She ran into a similar roadblock overseas this past winter, leaving behind Canik Belediyesi in Turkey when she said the team wasn’t paying her.
Now 30 years old and more than two years removed from any WNBA action, McCarville is scrambling to catch up.
“Honestly, really far behind,” Lynx coach Cheryl Reeve said Thursday of McCarville’s readiness. “You know, she was a little bit behind the eight-ball because of where she was. There was a time when she was thinking about maybe not playing basketball, so some things fell off for her.”
Which makes a guiding, familiar presence like Whalen so crucial, especially with the season opener only 16 days away.
“I think she’s coming in here with kind of a fresh start,” Whalen said of her longtime friend, whom she’s faced in European play on occasion. “I think to now come here and kind of be with this team and be back in her kind of second home, I think, is really exciting for her. I think it’s really given her another chance to come in and prove herself and continue to show the great player that she is.”
Whalen’s role running the show is solidified, though she does have rookie protégé Lindsey Moore to share minutes with. Reeves said McCarville is one of Minnesota’s best post options, when healthy and in top condition, and has “got a job on our roster.”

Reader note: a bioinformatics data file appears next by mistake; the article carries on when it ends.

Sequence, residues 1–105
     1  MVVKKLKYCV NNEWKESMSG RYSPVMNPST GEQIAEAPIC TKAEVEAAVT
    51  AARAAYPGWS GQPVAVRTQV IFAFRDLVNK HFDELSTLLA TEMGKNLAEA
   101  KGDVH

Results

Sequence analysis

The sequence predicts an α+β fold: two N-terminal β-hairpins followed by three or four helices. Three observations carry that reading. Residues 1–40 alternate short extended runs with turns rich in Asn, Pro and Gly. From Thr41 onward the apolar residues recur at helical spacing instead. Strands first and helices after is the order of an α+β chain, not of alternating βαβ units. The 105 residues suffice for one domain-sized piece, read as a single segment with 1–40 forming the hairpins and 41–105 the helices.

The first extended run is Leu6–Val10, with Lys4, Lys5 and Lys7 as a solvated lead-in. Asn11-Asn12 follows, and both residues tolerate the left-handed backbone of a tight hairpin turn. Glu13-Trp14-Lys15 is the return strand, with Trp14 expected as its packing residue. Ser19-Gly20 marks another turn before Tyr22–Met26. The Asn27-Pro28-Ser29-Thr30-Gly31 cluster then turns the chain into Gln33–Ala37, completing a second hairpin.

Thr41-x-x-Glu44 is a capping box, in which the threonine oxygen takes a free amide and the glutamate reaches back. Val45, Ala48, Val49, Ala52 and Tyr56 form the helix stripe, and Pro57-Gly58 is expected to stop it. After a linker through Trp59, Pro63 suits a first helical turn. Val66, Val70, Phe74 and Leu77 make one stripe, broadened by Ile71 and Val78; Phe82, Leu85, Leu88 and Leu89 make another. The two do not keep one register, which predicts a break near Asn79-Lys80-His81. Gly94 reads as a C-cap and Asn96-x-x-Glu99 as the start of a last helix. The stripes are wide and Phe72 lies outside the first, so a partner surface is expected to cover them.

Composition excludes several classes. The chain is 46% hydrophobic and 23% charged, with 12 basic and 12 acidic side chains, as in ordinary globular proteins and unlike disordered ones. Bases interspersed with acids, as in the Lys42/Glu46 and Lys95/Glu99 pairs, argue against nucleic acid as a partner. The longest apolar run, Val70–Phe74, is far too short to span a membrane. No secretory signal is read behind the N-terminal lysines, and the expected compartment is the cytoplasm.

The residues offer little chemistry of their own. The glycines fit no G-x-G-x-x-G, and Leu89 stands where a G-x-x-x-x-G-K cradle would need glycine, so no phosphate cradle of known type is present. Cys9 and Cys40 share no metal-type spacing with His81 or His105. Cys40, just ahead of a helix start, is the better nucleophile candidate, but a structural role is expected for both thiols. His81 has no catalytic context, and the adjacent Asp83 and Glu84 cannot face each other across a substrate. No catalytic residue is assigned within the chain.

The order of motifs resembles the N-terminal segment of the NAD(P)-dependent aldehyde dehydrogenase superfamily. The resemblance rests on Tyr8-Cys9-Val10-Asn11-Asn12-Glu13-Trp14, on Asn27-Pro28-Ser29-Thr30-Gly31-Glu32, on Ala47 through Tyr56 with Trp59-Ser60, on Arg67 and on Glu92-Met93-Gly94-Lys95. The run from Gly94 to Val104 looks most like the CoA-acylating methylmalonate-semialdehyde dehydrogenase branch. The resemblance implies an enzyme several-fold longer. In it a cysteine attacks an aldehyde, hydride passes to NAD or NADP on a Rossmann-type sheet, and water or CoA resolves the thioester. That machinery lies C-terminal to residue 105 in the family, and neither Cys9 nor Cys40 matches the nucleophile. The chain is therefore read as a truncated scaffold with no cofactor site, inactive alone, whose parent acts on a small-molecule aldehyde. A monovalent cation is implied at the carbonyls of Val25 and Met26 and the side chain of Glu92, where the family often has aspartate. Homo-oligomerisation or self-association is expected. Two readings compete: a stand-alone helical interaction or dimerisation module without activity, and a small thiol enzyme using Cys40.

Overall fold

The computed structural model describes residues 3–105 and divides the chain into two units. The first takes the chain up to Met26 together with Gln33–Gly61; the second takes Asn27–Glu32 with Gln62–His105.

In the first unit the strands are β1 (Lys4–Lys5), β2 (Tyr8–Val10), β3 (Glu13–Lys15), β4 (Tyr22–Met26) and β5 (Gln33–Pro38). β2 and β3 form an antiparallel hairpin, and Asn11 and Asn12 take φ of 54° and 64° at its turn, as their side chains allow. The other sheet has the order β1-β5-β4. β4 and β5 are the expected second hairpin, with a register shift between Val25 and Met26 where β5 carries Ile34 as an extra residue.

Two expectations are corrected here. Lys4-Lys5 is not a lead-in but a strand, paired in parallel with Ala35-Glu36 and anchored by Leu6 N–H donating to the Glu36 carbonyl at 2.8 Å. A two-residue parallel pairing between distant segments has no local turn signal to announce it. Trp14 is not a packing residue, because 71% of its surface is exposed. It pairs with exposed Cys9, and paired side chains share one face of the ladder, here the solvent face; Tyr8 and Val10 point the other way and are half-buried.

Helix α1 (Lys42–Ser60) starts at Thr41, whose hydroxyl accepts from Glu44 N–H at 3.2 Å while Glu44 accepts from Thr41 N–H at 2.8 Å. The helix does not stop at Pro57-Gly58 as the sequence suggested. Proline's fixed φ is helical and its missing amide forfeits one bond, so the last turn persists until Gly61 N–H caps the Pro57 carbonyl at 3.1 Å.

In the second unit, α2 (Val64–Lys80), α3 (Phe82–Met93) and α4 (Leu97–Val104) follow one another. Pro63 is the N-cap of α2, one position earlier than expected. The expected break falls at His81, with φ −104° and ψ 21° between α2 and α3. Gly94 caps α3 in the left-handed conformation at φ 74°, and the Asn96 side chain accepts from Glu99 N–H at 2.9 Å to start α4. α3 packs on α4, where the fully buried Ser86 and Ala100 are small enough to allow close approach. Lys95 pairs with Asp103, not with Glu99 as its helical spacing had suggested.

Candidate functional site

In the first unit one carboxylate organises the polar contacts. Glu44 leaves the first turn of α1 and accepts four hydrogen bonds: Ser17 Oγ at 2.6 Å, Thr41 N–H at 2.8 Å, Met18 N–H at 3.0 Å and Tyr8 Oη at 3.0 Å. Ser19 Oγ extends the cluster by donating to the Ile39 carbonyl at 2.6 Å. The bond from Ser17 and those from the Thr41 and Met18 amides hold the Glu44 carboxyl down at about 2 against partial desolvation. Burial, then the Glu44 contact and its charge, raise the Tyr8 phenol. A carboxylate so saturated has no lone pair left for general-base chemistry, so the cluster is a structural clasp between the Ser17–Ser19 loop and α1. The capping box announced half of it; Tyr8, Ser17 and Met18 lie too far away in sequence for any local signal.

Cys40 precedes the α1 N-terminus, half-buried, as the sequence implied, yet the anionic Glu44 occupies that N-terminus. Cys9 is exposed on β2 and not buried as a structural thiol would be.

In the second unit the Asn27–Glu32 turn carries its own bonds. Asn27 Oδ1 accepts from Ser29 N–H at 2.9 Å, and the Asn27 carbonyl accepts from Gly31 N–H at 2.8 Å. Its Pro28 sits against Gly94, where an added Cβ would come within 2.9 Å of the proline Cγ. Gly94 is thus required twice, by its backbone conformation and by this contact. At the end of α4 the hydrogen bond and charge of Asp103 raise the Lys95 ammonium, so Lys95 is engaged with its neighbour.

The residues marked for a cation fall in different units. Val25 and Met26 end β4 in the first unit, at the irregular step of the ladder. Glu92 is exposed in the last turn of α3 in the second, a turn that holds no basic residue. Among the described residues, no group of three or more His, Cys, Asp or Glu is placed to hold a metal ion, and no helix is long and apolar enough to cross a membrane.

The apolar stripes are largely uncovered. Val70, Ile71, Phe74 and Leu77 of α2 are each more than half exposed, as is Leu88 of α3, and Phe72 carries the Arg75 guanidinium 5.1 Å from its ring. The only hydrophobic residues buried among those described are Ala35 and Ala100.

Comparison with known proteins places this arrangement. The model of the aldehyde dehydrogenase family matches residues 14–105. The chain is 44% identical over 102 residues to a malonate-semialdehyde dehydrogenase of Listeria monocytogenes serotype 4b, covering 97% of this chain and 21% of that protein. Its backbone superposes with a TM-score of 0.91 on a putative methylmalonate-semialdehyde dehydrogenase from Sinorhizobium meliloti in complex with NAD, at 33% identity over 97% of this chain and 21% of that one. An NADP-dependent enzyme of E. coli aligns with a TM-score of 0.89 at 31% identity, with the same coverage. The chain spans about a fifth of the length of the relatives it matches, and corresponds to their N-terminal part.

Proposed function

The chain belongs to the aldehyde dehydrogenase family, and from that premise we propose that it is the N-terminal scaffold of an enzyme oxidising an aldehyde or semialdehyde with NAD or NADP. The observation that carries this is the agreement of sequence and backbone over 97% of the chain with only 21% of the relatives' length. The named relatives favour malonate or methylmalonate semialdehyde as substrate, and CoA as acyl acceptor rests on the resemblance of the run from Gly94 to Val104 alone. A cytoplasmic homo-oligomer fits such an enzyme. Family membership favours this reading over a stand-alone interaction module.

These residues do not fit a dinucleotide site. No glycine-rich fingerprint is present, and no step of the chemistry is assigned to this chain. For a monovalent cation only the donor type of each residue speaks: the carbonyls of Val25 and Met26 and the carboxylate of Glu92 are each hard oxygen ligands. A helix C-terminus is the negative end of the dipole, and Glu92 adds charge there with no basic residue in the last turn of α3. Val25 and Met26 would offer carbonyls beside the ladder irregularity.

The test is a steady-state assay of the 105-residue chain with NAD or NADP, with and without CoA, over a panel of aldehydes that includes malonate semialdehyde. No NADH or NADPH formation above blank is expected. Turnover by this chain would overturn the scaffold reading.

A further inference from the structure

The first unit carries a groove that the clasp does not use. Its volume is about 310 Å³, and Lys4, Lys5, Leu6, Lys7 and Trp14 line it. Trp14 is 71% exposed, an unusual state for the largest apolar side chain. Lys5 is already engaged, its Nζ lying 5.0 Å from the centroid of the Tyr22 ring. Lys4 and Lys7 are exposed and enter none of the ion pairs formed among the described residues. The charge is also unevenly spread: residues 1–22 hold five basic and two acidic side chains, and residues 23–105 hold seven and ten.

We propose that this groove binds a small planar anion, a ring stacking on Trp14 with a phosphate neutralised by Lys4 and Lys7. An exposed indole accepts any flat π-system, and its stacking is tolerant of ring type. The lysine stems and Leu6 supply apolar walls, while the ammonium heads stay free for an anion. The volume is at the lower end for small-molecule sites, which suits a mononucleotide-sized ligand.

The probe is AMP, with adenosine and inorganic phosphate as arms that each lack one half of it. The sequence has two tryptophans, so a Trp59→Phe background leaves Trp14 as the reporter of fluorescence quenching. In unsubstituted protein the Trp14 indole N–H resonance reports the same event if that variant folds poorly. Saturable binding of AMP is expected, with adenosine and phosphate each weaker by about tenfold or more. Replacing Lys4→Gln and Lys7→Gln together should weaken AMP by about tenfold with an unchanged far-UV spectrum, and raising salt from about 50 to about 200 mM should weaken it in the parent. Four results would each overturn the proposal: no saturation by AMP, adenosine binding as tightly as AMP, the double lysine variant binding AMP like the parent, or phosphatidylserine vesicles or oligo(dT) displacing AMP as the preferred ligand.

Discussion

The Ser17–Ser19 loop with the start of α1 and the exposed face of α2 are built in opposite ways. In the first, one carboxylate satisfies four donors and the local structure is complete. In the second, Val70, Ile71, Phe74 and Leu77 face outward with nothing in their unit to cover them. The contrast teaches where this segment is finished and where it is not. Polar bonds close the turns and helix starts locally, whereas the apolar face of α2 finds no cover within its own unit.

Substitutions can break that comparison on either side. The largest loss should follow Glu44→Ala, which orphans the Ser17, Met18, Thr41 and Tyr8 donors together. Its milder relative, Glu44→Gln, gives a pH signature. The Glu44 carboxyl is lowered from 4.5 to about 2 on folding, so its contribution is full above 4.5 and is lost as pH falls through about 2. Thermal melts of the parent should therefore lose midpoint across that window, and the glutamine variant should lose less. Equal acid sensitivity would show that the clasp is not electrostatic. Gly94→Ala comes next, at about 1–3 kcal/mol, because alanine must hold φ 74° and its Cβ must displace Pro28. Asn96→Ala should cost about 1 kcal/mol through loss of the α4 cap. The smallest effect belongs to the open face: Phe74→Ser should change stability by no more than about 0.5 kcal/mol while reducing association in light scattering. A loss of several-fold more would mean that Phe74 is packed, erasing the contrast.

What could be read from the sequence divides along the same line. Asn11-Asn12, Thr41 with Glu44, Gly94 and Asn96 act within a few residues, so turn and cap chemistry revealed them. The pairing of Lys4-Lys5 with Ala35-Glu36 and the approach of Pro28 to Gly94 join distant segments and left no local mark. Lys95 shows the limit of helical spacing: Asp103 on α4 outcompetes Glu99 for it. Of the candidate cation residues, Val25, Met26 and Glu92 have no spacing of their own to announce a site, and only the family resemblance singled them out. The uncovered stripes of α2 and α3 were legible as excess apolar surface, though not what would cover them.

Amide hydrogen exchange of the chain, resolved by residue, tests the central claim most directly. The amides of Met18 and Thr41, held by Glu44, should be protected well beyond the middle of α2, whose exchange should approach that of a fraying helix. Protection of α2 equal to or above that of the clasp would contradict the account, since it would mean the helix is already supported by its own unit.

A 100-percent McCarville also means more opportunities to set up her old teammate from the paint, and vice versa.
“The chemistry is there,” Reeve said, “but I don’t know that it’s impacted our team just yet, because we’ve only been here for 10 days. Like I said, Janel’s been struggling a bit early with not being here. I think that component will evolve more as we start to play games and the rotation is set.”
No matter how the minutes are dispersed, McCarville and Whalen’s second Minnesota merger adds another friendly face to an already tight-knit bunch. Minus departed Taj McWilliams-Franklin (retired) and Candice Wiggins (traded to Tulsa as part of the three-team deal that brought McCarville to Minneapolis), the Lynx’s championship-caliber core remains mostly intact.
That’s good news for a team built on cohesiveness, small forward Maya Moore contends.
“They definitely have an easygoing chemistry between other, like sisters from when they were playing together,” Moore said of Whalen and McCarville. “They’re both great chemistry people. They’re about the team.”
Notes: The Lynx waived center Jessica Adair on Thursday, trimming the roster to 14 players, including centers Janel McCarville and Shawnice Wilson. . . . Due to family reasons, forward Devereaux Peters wasn’t at media day and won’t make the team’s trip to Bismarck, N.D., for its Saturday exhibition against Washington. . . . Rookie guard Ta’Shauna “Sugar” Rodgers also will miss the preseason contest; Georgetown’s all-time leading scorer is participating in commencement ceremonies Saturday. She’s missed practice time with a minor quadriceps injury but is expected to return to action next week. . . . Minnesota’s second and final exhibition is Tuesday, May 21 at noon at the Target Center against Connecticut. The regular season opens Saturday, June 1 at home against the same club.